The hunter popped open the glove box. A 9mm pistol lay in its holster amongst maps, discount petrol coupons and unpaid traffic fines. Reaching in, the hunter cleared the scraps of paper away, leaving the weapon in clear sight. Looking satisfied, he twisted around. “Where do you reckon the photo was taken?”.


“I knew it was some wog country,” said the hunter. “Not much use to us.”

At least they agreed on one thing, thought the tracker. Securing the photo back onto the sun visor, he reached across the hunter’s legs and clipped the glove box shut. He liked everything tidy. Guns weren’t tidy. On the second night after the men had left Broome, as soon as the hunter began drinking by the fire, the tracker had popped the first three cartridges out of the 9mm’s magazine, prised off the bullet heads, emptied the gunpowder and replaced the heads and then the cartridges. If he was getting 20K for the killer dead or alive, he wanted it to be the latter.

By dawn, the men were rattling inside their violently shaking vehicle, its tyres slipping on desert shrubs, sliding off rocks. The Land Rover was tilted at almost 45 degrees, the crest of the hill above them seemingly beyond reach.

“Why didn’t you take the road?” shouted the hunter, his hands flailing, searching for something to grip onto.

“Ask the killer,” said the tracker almost at the same time as he heard the crack.

The hunter hit his seat belt’s release button and spun towards the rear. The tracker stared ahead. He’d heard that sound before. The differential was gone, buggered, cactus.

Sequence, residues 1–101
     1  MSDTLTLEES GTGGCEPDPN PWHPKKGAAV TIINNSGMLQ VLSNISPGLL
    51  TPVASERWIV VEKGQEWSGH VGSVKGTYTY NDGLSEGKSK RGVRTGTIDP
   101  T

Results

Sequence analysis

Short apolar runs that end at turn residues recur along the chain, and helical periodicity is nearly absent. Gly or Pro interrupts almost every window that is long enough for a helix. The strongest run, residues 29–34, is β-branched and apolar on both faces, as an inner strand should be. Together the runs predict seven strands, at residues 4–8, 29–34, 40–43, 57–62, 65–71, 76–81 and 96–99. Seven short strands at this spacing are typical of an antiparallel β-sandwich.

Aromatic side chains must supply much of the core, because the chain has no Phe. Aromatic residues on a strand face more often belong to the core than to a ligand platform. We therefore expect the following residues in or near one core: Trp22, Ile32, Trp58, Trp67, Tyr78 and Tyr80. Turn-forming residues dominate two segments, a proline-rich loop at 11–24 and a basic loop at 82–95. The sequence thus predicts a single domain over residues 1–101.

The two men abandoned the Land Rover and began the climb, each with their water bag, each with a weapon – the hunter and his gun, the tracker and a nulla-nulla which he’d never used and which he only vaguely remembered his grandfather throwing 30 years earlier at a dingo foraging in a rubbish bin. Each man unhappy in his own way.

On the top of the hill they saw it: a dark blue Toyota with a pile of rocks propped under the passenger’s side wheel hub. Left under the only shade for 50 kilometres, the vehicle was cool to the touch. The tracker estimated it had been there for at least 12 hours.

The surrounding ground was hard but there was enough grit for the imprints of the killer’s boots to have left scuffing. The killer was heading further into the desert. There was nothing ahead for him but death.

As arguments went, it was a short, sharp dispute. The tracker was adamant that only a fool would walk deeper into the desert – and only a fool stood before him. They parted without farewells. The hunter’s shoulders were back, peacock proud, his holster on his hip. The tracker watched the hunter, just as much a dead man walking as the killer.

Taking off his Akubra, the tracker flicked dust off the brim, checked the bash in the crown was even from front to rear, then pushed the hat back into place. The sun was climbing above the lone tree. Time to go. It was going to be a bloody long walk back to collect the hunter’s $50,000.